"Big box stores have been in the area for 30 years," Coles said. "When they advertised kitchens, it helped us. This is not a big factor in our decision.
"The West Side's been great for us. I think the things that have gone on, it's everywhere," he said, alluding to crime. "Ninety-nine percent is drug related. If you're not out walking the streets all hours of the night, you're probably OK."
Coles said the only problem he's experienced in the last 20 years occurred some time ago when a woman and her boyfriend found an open door after hours, went to the office, found his name and phone number, and called him.
"She said they were looking for a warm place to stay," Coles recalled. "I called the police and we all met at the store. The police took them to Cutlips Motor Inn and I paid the bill. I appreciated her honesty."
Save Supply was established at 19 Hale St., downtown. When that location was destroyed by fire in 1943, the company moved to 22 Summers St., then to 514 Virginia St. E. The business was consolidated on Park Avenue in 1974.
Coles has not advertised the store closing. "It's all been by word of mouth," he said. "We have so many wonderful customers. We've had ladies come in here, crying. I've sold kitchens or bathrooms to some customers three or four times when they've either moved or decided it was 40 years old, replace it."
Save Supply's slogan is, "We can't save you money, if you don't come and see us."
Coles said the store started a 30-percent-off sale in July. "We intended it to be a warehouse clearance sale," but it was so well received it has continued. "We still have a few kitchen cabinets, probably eight to 10 vanities and a lot of cultured marble vanity tops," he said. "They're marked down below cost."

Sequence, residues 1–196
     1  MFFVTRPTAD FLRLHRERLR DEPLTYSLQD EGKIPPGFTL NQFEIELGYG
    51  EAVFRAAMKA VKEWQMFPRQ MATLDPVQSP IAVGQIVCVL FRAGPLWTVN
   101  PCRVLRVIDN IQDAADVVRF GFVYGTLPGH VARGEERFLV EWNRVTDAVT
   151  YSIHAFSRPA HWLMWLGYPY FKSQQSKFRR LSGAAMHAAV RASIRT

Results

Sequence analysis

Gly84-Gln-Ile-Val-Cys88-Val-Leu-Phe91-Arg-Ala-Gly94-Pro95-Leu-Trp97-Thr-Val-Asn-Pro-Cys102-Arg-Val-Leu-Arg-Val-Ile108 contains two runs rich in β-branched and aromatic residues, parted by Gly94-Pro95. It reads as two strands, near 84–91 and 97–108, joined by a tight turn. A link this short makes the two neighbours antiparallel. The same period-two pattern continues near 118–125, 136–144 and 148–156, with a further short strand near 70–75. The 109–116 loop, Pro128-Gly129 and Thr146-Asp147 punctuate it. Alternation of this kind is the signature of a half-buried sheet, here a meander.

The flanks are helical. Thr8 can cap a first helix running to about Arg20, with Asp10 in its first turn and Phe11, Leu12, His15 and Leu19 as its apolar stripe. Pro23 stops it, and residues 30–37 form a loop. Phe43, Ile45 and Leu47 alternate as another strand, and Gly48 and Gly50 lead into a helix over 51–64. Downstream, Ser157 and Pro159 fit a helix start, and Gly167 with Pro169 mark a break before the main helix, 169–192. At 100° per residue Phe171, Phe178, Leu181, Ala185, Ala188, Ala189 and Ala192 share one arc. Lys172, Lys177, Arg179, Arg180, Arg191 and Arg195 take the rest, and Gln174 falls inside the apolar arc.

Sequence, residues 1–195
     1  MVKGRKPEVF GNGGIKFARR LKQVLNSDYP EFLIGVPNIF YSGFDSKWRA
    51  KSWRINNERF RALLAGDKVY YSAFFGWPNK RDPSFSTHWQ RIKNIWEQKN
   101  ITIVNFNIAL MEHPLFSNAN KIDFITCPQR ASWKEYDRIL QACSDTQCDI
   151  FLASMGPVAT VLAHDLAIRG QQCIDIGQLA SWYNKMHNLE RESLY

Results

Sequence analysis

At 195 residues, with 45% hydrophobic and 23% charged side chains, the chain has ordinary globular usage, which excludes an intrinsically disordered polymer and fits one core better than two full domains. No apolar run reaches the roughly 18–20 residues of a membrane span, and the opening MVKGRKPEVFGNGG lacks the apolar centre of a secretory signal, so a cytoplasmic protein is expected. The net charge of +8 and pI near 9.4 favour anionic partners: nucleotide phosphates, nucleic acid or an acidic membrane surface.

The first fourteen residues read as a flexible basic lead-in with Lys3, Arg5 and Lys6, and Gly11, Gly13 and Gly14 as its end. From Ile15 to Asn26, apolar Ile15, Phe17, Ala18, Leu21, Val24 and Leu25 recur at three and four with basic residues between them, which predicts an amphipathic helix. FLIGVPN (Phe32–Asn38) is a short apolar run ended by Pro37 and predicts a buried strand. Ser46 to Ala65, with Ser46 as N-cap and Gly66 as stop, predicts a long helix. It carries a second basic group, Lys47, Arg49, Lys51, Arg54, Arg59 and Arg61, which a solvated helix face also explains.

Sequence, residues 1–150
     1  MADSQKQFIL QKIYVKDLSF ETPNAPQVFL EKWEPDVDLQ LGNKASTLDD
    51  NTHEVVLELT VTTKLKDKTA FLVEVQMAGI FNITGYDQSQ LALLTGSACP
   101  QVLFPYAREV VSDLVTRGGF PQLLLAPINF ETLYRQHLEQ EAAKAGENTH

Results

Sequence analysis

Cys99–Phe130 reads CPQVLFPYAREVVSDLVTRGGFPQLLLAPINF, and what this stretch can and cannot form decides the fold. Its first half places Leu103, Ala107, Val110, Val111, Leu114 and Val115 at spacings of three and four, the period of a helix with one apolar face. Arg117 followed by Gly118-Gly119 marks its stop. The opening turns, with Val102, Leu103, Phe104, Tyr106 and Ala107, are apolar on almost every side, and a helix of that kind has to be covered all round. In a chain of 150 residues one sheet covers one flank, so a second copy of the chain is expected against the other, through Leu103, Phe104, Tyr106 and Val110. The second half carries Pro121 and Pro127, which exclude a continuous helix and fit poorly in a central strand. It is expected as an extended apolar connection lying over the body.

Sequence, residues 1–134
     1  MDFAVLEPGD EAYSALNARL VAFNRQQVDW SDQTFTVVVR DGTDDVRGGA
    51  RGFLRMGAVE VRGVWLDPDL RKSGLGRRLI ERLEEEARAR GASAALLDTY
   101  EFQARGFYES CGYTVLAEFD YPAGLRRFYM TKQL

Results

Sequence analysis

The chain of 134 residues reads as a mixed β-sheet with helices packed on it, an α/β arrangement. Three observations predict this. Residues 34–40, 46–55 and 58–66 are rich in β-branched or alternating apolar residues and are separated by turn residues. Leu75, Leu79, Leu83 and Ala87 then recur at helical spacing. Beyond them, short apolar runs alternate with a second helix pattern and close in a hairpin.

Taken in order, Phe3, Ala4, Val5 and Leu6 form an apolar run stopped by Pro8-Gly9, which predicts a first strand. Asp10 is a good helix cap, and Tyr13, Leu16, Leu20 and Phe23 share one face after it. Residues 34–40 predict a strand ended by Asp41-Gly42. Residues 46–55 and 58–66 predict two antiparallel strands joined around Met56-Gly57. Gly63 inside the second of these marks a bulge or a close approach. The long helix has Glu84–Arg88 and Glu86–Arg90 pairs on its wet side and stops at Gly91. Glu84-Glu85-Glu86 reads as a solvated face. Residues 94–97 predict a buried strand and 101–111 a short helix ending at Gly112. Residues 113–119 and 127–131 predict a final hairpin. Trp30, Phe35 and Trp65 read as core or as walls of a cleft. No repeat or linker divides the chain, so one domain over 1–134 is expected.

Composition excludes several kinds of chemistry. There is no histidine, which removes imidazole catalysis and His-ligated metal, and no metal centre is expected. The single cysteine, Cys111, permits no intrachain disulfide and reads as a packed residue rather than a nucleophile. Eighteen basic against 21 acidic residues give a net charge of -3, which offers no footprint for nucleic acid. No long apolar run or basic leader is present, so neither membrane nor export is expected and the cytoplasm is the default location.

Asked what he will do following the auction, Coles said, "I have a little farm in Cross Lanes." Also, "After more than 50 years in this business, it might be fun to do something else."
Coles had an airplane for more than 30 years. "I sold it last year," he said. "I miss flying but I don't miss owning a plane."
The Oct. 10 property auction will occur on site. The minimum bid is $325,000.
Goldman Associates' auctioneer and broker Jay Goldman said, "It is a unique piece of property that's not been available for sale for a 100 years, except for these owners. For a contractor who wants on-site storage, a shop, an office and salesroom, it would work well. If a contractor doesn't need it all, he could be a landlord and provide some additional services.
"If you think about it that way, you would be spending less than $10 a square foot for the building or the land," Goldman said. "Somebody's going to get a good deal. The property is on Park Avenue, a main cross street, with a stoplight on Central and Washington, and access from Breece Street."
Prospective buyers can arrange an inspection of the property by calling Goldman at 304-343-5695 for an appointment.
Contact writer George Hohmann at firstname.lastname@example.org or 304-348-4836.